We commend the invaluable work of the women and men of the OSCE Special Monitoring Mission who continued with their monitoring activities despite the pandemic. All signatories of the Minsk agreements, including Russia, have agreed on the need to ensure the SMM safe and secure access and that any restriction of their freedom of movement deserves a rapid response. This should also include the areas near the Ukraine-Russia State border and the illegally annexed Crimea. We condemn the restrictions of movement the SMM is facing, predominantly in non-government-controlled areas, including those imposed under the pretext of the COVID-19 pandemic. Such restrictions constitute an impediment to the implementation of the SMM mandate and seriously threaten the effective functioning of the Mission. We are deeply concerned about the unprecedented restrictions on the Mission’s assets, including targeting and jamming of the SMM´s UAVs and the destruction of cameras. We therefore urge Russia to use its considerable influence over the armed formations it backs in order to meet the Minsk commitments in full and to allow the SMM to fulfil its mandate.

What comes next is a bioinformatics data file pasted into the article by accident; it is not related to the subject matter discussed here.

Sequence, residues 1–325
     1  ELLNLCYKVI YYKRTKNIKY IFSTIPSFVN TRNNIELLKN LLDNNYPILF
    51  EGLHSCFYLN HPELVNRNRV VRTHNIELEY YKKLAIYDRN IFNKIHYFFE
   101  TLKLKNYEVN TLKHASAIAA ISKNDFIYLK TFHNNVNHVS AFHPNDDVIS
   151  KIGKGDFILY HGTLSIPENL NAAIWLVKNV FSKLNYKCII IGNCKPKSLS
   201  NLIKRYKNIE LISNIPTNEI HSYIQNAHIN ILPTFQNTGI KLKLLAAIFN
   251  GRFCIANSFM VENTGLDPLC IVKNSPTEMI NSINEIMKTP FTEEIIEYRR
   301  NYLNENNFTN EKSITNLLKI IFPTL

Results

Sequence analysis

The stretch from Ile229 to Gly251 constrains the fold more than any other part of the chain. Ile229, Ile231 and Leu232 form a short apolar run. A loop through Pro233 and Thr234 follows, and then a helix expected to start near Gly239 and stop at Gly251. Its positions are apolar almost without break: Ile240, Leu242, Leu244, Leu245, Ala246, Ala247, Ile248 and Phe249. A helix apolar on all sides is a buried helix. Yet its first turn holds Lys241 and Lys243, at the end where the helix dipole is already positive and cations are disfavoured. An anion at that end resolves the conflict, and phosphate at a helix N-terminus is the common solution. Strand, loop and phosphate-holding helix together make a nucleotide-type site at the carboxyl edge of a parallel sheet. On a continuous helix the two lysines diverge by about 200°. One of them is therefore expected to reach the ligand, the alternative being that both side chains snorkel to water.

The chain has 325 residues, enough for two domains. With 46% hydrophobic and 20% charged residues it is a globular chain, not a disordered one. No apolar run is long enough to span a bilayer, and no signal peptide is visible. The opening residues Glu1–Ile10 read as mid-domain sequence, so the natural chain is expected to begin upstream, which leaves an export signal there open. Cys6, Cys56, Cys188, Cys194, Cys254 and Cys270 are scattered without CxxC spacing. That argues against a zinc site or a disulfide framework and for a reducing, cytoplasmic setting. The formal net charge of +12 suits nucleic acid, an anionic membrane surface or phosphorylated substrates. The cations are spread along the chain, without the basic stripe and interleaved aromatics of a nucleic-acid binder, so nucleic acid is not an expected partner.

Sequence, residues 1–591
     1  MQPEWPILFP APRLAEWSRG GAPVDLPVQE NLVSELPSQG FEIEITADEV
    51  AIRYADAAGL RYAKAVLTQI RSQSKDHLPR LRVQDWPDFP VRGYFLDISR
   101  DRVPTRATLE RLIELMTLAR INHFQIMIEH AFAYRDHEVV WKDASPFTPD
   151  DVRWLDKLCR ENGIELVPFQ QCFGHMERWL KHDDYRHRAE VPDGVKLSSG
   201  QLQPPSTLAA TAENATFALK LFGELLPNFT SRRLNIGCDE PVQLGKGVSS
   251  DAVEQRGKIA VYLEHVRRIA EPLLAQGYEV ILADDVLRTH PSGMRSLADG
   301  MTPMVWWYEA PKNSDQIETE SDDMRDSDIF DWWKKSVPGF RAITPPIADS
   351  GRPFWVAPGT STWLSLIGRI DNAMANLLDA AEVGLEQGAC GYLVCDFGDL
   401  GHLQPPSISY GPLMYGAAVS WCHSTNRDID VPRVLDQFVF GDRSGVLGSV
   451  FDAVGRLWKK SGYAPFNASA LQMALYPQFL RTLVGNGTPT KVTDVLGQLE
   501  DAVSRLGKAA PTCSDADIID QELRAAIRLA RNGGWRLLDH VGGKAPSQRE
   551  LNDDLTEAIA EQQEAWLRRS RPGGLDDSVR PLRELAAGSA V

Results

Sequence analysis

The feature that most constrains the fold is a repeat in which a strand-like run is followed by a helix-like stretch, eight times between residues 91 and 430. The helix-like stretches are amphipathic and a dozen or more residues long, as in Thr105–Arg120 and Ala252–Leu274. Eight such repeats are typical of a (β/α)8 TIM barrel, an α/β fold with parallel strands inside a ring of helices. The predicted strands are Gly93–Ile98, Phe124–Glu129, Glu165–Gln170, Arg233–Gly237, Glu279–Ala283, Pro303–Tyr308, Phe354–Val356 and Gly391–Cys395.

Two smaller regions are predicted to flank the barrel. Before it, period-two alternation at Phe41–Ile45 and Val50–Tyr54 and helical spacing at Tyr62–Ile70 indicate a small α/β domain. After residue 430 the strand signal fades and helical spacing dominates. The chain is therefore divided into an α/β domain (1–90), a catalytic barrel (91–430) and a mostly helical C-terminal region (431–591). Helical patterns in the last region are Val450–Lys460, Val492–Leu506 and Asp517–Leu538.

The negative effect the closed entry and exit checkpoints along the contact line have on the civilian population is of high concern to us. Hundreds of thousands are currently separated from family members and cut off from their livelihood, pensions, medical care and other services. We welcome the steps taken by Ukraine to open the Shchastia and Zolote EECPs and to provide services for the residents of the non-government controlled areas there. We urge Russia to use its considerable influence over the armed formations it backs in order to ensure the opening of these two EECPs, as well as of all currently closed EECPs, in order to improve the humanitarian situation at the contact line.